The animal was initially described by Gray as follows:
"The forehead convex, with many polygonal shields; the dorsal shield covered with abundant elongated bristly hairs; the underside of the body covered with close hairs. Toes 5/5, the outer and inner hinder small."
- C. v. vellerosus (Gray, 1865)
- C. v. pannosus (Gardner, 2007)
Range and habitat
The screaming hairy armadillo is a burrowing armadillo of arid areas from low to high altitudes. It is found in parts of the Gran Chaco and Pampas areas of Argentina, Bolivia, and Paraguay. An isolated population is found in eastern Buenos Aires Province in Argentina.
Its natural habitats are subtropical or tropical dry forests, temperate shrubland, subtropical or tropical dry shrubland, temperate grassland, subtropical or tropical dry lowland grassland, hot deserts, temperate desert, arable land, pastureland, and plantations. It is absent in rocky areas where the armadillo would not be able to burrow. The average annual rainfall in its main range is 200 to 600 mm (7.9 to 23.6 in), while the rainfall averages 1,000 mm (39 in) annually in the area of the Buenos Aires population.
The armadillo is nocturnal by summer and diurnal in winter. It can subsist for long periods without water. It often burrows at the base of bushes and shrubs. It has multiple burrows in its range, and each burrow may have more than one entrance. A burrow may be 8 to 15 in (200 to 380 mm) in diameter and may be several metres long. The home range of an armadillo is recorded to consist of a minimum area of 3.4 ha (8.4 acres). The animal does not build a nest in its burrow which it seals during occupation.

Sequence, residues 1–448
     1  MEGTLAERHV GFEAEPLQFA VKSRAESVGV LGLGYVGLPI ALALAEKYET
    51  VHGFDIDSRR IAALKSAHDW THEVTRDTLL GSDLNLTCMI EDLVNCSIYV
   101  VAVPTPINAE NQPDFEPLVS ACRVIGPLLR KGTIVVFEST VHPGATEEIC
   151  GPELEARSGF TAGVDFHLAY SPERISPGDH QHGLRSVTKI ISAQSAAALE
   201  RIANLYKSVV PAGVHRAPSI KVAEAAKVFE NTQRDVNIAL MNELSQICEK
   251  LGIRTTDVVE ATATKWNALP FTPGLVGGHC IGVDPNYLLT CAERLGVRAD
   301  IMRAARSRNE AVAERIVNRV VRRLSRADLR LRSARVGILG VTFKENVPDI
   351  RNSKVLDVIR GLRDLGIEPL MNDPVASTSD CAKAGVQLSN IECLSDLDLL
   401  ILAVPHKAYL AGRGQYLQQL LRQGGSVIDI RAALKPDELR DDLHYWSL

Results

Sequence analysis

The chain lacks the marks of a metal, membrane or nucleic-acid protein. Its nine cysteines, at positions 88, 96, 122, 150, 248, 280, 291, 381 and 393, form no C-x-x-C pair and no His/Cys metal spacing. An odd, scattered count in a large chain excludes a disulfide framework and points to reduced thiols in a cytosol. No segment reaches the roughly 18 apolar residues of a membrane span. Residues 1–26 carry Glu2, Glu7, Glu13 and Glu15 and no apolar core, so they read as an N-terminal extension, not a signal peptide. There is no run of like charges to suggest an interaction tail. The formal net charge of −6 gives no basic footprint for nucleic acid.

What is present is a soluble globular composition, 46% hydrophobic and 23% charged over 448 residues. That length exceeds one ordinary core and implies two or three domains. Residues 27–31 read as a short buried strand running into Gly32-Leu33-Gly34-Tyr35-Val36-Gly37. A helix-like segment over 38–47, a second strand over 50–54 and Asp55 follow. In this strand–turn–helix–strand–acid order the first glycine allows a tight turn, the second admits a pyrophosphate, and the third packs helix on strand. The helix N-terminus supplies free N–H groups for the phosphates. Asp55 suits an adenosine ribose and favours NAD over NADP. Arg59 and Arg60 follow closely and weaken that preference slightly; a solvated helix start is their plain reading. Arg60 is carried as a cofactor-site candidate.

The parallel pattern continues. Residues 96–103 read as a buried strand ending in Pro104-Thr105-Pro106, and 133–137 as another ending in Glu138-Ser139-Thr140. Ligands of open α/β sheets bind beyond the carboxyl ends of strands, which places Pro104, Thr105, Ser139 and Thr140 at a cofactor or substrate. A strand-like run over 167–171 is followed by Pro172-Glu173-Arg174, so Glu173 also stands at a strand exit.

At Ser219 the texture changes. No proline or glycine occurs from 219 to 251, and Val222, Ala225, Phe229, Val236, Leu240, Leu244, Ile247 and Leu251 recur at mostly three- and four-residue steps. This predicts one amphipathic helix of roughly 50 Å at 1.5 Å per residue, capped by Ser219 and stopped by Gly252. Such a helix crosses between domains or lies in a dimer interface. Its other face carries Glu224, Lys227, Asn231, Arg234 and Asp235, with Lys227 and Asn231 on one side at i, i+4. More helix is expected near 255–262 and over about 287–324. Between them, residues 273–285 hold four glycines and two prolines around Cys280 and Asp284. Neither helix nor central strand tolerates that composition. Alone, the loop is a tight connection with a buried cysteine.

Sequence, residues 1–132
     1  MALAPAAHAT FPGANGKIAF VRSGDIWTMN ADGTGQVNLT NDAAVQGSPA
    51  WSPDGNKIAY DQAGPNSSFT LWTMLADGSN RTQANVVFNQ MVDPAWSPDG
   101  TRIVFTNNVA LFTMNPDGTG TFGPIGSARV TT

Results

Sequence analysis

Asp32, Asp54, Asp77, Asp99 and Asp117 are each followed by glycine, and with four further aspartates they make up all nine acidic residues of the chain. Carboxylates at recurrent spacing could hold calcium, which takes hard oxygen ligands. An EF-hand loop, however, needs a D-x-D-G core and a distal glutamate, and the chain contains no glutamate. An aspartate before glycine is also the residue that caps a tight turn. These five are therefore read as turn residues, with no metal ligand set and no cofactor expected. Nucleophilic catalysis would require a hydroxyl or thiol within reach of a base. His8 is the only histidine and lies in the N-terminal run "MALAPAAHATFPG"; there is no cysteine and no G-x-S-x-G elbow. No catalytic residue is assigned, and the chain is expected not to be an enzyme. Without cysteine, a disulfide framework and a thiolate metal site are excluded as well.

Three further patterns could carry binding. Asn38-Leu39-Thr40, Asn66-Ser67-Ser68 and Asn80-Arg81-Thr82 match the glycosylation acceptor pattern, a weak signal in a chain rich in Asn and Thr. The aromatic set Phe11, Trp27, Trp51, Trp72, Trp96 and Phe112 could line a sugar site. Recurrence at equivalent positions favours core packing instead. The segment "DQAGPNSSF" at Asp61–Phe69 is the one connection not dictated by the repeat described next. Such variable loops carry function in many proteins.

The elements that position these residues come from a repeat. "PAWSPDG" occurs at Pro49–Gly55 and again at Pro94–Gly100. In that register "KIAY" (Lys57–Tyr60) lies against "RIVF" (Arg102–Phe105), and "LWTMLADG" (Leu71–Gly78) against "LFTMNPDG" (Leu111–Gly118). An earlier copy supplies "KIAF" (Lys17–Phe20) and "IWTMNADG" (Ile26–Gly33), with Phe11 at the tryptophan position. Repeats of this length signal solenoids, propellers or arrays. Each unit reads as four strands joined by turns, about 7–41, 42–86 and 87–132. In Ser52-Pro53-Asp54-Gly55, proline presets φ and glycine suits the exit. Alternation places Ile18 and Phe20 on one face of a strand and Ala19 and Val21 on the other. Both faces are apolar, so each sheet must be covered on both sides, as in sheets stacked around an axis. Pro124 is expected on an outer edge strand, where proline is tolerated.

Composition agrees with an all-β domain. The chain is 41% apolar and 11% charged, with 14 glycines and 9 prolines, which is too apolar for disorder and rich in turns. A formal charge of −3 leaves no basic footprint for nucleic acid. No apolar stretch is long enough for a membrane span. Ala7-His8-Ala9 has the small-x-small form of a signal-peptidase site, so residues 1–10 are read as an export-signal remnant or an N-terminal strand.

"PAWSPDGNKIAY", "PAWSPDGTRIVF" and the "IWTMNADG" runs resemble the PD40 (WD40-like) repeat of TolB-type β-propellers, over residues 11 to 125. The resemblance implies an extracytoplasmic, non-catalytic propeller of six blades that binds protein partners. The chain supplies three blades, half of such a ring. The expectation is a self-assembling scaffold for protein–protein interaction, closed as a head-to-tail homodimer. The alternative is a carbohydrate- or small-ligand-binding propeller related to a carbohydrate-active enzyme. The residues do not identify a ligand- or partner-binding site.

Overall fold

When not in its burrow, the animal spends most of its time foraging. The armadillo is omnivorous; its diet consists of insects, vertebrates and plant material (especially pods of Prosopis), varying considerably depending upon the season. The animals increase their weight by up to 10% in winter, forming a layer of subcutaneous fat 1 to 2 cm (0.39 to 0.79 in) thick. Vertebrates form a significant part of an armadillo's diet, ranging from 27.7% by volume in summer to 13.9% in winter, the most common prey species being lizards, birds, frogs, and the mice species Eligmodontia typus and Phyllotis griseofulvus. This armadillo ingests a lot of sand while feeding, and it may occupy as much as 50% of the volume of its stomach at a time.
The gestation period of the armadillo is 60–75 days. The armadillos become sexually mature at 9 months and produce two litters per year.
This armadillo is heavily hunted for its meat in parts of the Chaco region in Bolivia. It is at times considered an agricultural pest and killed by hunting dogs. The disjunct population of coastal Buenos Aires Province, Argentina, is adversely affected by mining activities. The carapace is particularly sought for making charangos, a South American musical instrument akin to a lute.
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- Gardner, A. L. (2005). "Order Cingulata". In Wilson, D. E.; Reeder, D. M. Mammal Species of the World (3rd ed.). Johns Hopkins University Press. p. 96. ISBN 978-0-8018-8221-0. OCLC 62265494.
- Abba, A.M.; Superina, M. (2009). "Chaetophractus vellerosus". IUCN Red List of Threatened Species. Version 2010.4. International Union for Conservation of Nature. Retrieved 31 October 2010.